Eating For A Healthy Heart

Updated: Mar 31

Bad cholesterol or a bad diet is something we all experience at some point. It's impossible

to eat healthy our whole lives, even though we may try hard to do it. Everyone should try to

do eating healthy for their heart, especially when it comes to restoring health and reducing heart attacks.

Your heart and food

We know these things for sure - a diet high in saturated fats will help raise your cholesterol,

a risk factor for heart disease. People that are obese are more prone to heart disease. A

diet high in sodium may elevate your blood pressure, leading to inflammation and even heart disease.

To help prevent disease and improve your health: CLICK HERE.

Eat plenty of fish

Herring, sardines, and salmon are all excellent sources of Omega 3 essential fatty acids. Other fish are plentiful, too, although Omega 3 may help get your cholesterol down to a healthier level.

Choosing healthy fats and oils

Saturated fat will increase the risk of heart disease. It is in meat, butter, and even coconut oil. It would help if you avoided these foods until your cholesterol levels are down and you are at a healthy weight. Even those who love red meats can enjoy seafood and nuts as their primary protein sources.

Monounsaturated fats such as olive oils will help you to protect your heart. In addition, olive oil is an ideal choice for cooking, dressing, or even as a dipping sauce.

Plenty of fiber

Fiber can help you control your cholesterol. In addition, you can find fiber in whole grain products to help control sugar absorption, which will help you keep your digestive system healthy.

Choosing carbohydrates

Eating for your heart involves staying away from sugary foods such as candy, cookies, cakes, and pastries. Eating a lot of sugar isn't suitable for your heart disease at all. Healthy carbohydrates involve whole-grain bread, pasta, brown rice, and many vegetables. You should make fruits and vegetables the central aspect of your diet.

Healthy cooking methods

Stir-frying and sauteing with olive oil or canola oil are both great methods, as you shouldn't dip your food in batter and fry it anymore. If you cook chicken, remove the skin and bake it in the oven in foil.

Instead of frying your fish, you should always bake it. Steaming your vegetables can help maintain the most nutrients. Of course, it would help if you used cream sauces or lots of butter anymore either. Instead, try squeezing lemon juice on them or using your favorite seasonings when you eat vegetables.

As you make the proper changes to your diet, keep in mind that it takes time to become a habit. However, eating healthy is always great for your body and your lifestyle, especially when it comes to your heart and the prevention of heart disease.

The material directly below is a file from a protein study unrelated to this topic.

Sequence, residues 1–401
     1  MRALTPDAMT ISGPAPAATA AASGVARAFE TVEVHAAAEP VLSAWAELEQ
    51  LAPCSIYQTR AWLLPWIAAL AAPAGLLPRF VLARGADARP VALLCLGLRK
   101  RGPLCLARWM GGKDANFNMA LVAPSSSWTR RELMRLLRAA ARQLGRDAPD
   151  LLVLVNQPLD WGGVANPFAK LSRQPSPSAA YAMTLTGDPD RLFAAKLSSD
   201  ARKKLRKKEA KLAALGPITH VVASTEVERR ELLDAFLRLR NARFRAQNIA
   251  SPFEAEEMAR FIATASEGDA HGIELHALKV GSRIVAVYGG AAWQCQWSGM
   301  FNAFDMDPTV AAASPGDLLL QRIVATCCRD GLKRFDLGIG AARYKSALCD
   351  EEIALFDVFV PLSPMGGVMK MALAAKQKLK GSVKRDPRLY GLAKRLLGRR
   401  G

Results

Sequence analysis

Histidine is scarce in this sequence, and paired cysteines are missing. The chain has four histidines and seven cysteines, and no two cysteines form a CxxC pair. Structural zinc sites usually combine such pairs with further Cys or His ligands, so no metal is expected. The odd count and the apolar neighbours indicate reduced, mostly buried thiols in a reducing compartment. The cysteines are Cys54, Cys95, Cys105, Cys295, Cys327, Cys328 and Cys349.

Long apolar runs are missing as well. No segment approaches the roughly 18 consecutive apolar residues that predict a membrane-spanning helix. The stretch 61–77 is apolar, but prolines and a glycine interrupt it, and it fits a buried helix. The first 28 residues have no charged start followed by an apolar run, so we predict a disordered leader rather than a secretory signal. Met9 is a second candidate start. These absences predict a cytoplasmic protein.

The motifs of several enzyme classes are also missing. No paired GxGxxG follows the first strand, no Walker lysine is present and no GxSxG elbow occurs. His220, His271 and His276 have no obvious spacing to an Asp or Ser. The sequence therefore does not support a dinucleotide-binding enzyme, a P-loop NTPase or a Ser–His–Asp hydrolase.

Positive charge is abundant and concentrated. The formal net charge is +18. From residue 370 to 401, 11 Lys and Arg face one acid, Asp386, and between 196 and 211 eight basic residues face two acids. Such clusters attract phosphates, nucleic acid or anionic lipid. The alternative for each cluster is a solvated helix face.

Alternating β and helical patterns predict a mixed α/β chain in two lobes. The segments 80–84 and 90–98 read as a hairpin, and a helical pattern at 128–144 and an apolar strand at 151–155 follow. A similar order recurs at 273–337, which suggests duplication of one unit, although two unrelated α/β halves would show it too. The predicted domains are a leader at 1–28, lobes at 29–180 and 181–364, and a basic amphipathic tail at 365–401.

Cooking with Oils

Everyone knows the foods to eat that improve health, although cooking the food can be just as important. With so many oils and butter products claiming to be the best, it can be pretty challenging to know which ones to use and which ones to avoid.

1. Canola oil

Canola oil is a popular oil, with many physicians claiming that it can lower the risk of heart disease. The oil is low in saturated fat, high in monounsaturated fat, and offers the best fatty acid composition compared to other oils.

You can use canola oil in sauteing, as a marinade, and even in low-temperature stir-frying. It has a bland flavor, making it an excellent oil for many spices. Unlike other oils, this one won't interfere with the taste of your meal.

2. Olive oil

Olive oil offers a very distinct flavor with plenty of heart-healthy ingredients. The oil is rich in

monounsaturated fat, helps lower cholesterol levels, and reduces cancer risk. It's also rich in antioxidants and has a very long storage life.

Even though you can use it in cooking, it's the healthiest when uncooked, like salad or dipping sauce. When you use it with cooking, you should heat it at low to medium temperatures to avoid high heat.

3. Butter

Butter is one food that has been around for many, many years. Butter tastes good and offers sources of Vitamin A and other fat-soluble vitamins such as E, K, and even D. Butter is also made from natural ingredients and not chemically or artificially processed.

You can use butter with cooking, baking, or even as a spread. You can also pair it with creamy sauces, marinades, baked dishes, or even bread.

4. Margarine

First introduced as an alternative to high-fat butter, margarine becomes loaded with trans fat. A substance that we now know raises bad cholesterol.

As a cooking oil, margarine tastes good, it's lower in fat than most oils and butter, and it's pretty easy to spread. It's available in various products and is a good source of vitamin E.

There are several at your disposal when it comes to cooking with oils. While I mention many here, many more are the most popular. Eating healthy involves cooking healthy food, where your cooking oil takes center stage.

Pat Bracy

Embracing Healthy Eating


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